Top American Catholic politician barred from receiving Communion because she supports abortion.
Nancy Pelosi banned by Archbishop Salvatore Cordileone.
Top American politician barred from receiving Communion because she supports abortion.
Nancy Pelosi banned by Archbishop
San Francisco’s Bay Area archbishop has just barred US House Speaker Nancy Pelosi – the second most important person in the US Government - from receiving Communion over her support for abortion access.
The move, comes just as the U.S. Supreme Court is poised to overturn Roe vs. Wade, the law supporting abortion.
Archbishop Salvatore Cordileone said he had written to Pelosi in April warning her that he was prepared to bar her from receiving Communion.
“As you have not publicly repudiated your position on abortion, and continue to refer to your Catholic faith in justifying your position and to receive Holy Communion, that time has now come,” he wrote this week.
Cordileone has challenged Pelosi over her abortion rights stance several times.
In 2021, she responded by saying the two had “a disagreement about who should decide this. I believe that God has given us a free will to honor our responsibilities.
“I keep saying to people who say things like that, when you have five children in six years and one day, we can talk about what business it is of any of us to tell anyone else what to do,” Pelosi said. “For us it was a complete and total blessing, which we enjoy every day of our lives, but it’s none of our business how other people choose the size and timing of their families.”
The leak this month of a draft Supreme Court decision that would overturn Roe vs. Wade not only reignited the dispute between the Catholic Church and San Francisco officials but also upended a midterm election cycle that is widely expected to favor the GOP.
College-educated women, who tend to favor abortion rights, have been a critical voting bloc and could be pivotal in congressional races in affluent regions such as Orange County as well as in similar districts, such as in the suburbs of Atlanta and Phoenix.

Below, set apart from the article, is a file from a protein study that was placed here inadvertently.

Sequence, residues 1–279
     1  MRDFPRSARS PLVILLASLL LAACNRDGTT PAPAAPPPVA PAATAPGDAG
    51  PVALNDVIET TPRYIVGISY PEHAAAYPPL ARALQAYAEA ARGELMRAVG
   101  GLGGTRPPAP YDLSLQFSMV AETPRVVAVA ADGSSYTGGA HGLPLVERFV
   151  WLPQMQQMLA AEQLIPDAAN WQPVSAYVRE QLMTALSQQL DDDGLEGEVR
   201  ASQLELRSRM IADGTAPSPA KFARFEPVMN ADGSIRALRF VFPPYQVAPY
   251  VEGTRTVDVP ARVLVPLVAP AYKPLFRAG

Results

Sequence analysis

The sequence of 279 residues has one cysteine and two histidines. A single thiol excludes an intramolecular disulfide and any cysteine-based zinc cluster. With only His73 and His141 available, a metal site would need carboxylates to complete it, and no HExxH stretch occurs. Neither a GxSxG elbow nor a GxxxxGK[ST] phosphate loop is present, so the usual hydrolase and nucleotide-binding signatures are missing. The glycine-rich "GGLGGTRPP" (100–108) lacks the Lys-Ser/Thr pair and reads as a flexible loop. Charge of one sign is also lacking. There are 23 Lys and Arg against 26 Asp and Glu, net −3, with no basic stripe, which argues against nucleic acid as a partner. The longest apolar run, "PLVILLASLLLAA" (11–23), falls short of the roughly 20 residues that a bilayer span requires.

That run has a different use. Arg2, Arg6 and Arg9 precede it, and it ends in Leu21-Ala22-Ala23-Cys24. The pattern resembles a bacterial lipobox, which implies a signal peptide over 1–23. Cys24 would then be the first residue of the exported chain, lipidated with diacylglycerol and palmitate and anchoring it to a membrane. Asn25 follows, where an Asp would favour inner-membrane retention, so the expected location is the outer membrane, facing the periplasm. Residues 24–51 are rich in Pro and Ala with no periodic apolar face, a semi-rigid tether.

Since the leak of the potential ruling, which would overturn the landmark 1973 decision that created federal protection for access to abortion, politicians on both sides of the aisle and interest groups have spent millions of dollars on television and digital ads focused on the issue.
Pelosi, who represents one of the most liberal congressional districts in the U.S., is expected by many to announce her retirement after she wins re-election, setting off an intra-party succession battle.
“She’s an 82-year-old woman who has been a devout Catholic her entire life,” said one long time Pelosi observer. “What we know is she is a person of deep faith who deeply believes in privacy rights and is likely to maintain her view that this is something between herself and her church, and not something she wants litigated in public by friend or foe.”
The L.A. Archbishop, who issued the ban, has come in for strong criticism.
“He might be the archbishop of San Francisco, but he is not from San Francisco,” said one commentator. “I don’t think in any way what he does reflects the opinion of the majority of the community of the Catholic faithful here in San Francisco.”
Harmeet Dhillon, an attorney who lives in the Russian Hill neighborhood of San Francisco and is one of California’s three representatives on the Republican National Committee, said that the matter was “between [Pelosi] and her church” but that Cordileone’s decision was appropriate.
“My response was ‘That’s right,’” Dhillon said. “That’s what the Catholic Church doctrine says, and she’s grossly out of step…. I don’t think this is unprecedented, as seen in the prior instruction from D.C. cardinals and what others say: People who advocate legislation that is pro-abortion are out of step with church doctrine.”
Jim Ross, a Democratic consultant who has worked in San Francisco politics for 35 years, suggested that Cordileone was attempting to use Pelosi’s name recognition and popularity in the city to draw attention to his message.